For the Cured Pork Belly: Rinse pork belly under cold running water to remove excess salt. Pat dry with paper towels and slice into 1/2-inch wide strips lengthwise. Cut each strip into 1-inch pieces. Set aside.
For the Salted Duck Egg Yolks: If using cooked salted duck egg yolks, cut each yolk in half and set aside.
If using raw salted duck egg yolk, separate whites from yolks. Reserve whites for another use (they will keep for 1 month in the refrigerator). Cut yolks in half using lightly oiled kitchen shears.
For the Dried Shrimp and Dried Scallops: Place shrimp and scallops in separate small bowls. Wash 3 times in cold water and drain. Cover completely with water and let soak for 15 minutes. Drain and set aside. Shred scallops into strips and set aside.
For the Rice: Place rice in fine-mesh strainer. Rinse under cold running water until water runs clear. Transfer to large bowl and cover completely with cold water. Allow to soak 15 minutes. Drain well and transfer to large bowl.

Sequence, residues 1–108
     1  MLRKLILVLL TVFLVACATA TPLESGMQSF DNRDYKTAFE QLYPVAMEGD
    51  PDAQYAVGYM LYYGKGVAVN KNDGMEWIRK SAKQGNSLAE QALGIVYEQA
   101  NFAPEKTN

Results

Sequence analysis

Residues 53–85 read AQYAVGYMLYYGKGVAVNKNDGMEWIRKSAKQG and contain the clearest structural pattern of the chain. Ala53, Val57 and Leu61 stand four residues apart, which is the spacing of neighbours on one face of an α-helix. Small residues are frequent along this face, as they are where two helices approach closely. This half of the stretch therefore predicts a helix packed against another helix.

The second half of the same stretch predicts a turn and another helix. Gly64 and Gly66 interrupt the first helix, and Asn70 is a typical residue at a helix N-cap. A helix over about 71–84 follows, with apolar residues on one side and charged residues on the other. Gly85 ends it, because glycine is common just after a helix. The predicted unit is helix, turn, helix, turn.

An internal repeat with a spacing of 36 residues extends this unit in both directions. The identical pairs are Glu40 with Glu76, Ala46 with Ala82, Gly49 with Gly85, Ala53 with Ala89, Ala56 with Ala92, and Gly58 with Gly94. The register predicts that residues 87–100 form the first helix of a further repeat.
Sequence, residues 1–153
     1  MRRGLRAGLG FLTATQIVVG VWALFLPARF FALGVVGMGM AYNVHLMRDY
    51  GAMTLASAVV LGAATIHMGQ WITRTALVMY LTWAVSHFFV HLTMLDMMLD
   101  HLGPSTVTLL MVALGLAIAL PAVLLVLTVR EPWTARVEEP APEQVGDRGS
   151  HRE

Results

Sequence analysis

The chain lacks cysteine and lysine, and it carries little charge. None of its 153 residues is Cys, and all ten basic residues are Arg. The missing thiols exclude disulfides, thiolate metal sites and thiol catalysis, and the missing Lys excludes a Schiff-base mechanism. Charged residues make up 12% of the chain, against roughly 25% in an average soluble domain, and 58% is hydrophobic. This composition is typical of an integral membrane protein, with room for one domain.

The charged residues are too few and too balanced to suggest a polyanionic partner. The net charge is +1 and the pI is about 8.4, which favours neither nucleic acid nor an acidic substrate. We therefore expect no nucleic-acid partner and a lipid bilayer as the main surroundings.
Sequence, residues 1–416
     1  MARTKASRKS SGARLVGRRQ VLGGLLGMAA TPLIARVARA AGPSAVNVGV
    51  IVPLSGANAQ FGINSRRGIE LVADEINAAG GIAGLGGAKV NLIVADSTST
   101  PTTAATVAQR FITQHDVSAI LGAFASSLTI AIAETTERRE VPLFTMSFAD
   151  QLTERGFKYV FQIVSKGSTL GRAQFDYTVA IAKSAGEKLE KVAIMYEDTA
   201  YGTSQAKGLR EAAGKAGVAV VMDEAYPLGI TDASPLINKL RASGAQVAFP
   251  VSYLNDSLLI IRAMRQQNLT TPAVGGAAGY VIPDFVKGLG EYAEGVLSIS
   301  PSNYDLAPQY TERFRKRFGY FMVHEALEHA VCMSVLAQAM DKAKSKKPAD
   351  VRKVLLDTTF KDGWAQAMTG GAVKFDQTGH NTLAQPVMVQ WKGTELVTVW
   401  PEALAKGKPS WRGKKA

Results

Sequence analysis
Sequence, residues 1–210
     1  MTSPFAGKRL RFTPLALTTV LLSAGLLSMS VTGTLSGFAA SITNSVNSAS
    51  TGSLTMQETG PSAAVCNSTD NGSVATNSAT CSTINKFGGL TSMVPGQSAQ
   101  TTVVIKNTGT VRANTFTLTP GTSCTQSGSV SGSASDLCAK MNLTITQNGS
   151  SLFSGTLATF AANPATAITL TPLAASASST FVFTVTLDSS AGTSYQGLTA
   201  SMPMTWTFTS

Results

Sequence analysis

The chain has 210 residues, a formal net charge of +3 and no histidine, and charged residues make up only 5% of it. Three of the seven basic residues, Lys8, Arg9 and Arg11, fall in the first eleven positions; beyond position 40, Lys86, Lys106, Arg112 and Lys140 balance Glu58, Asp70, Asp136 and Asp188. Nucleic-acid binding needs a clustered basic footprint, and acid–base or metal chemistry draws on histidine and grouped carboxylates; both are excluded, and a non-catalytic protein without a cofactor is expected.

For the Mung Beans: Place beans in fine-mesh strainer. Rinse under cold running water until water runs clear. Add vegetable oil and salt and mix well. Add mung beans to rice and toss to combine.
To Assemble: Take 2 whole joong leaves of approximately the same size. Make sure there are no tears or rips in leaves. Leaves should curve in same direction. Take one joong leaf in each hand holding it horizontally in front of you while making sure the ends match each other. Overlap edge of one leaf onto center spine of other leaf. Hold overlapping leaves together with your thumb in the center of the leaves and fold in half.
Fold bottom half inch of leaf upwards and tuck under thumb to create pocket inside leaves for joong. Hold the folded leaves in one hand and then use the other hand to open the leaves to make the pocket inside.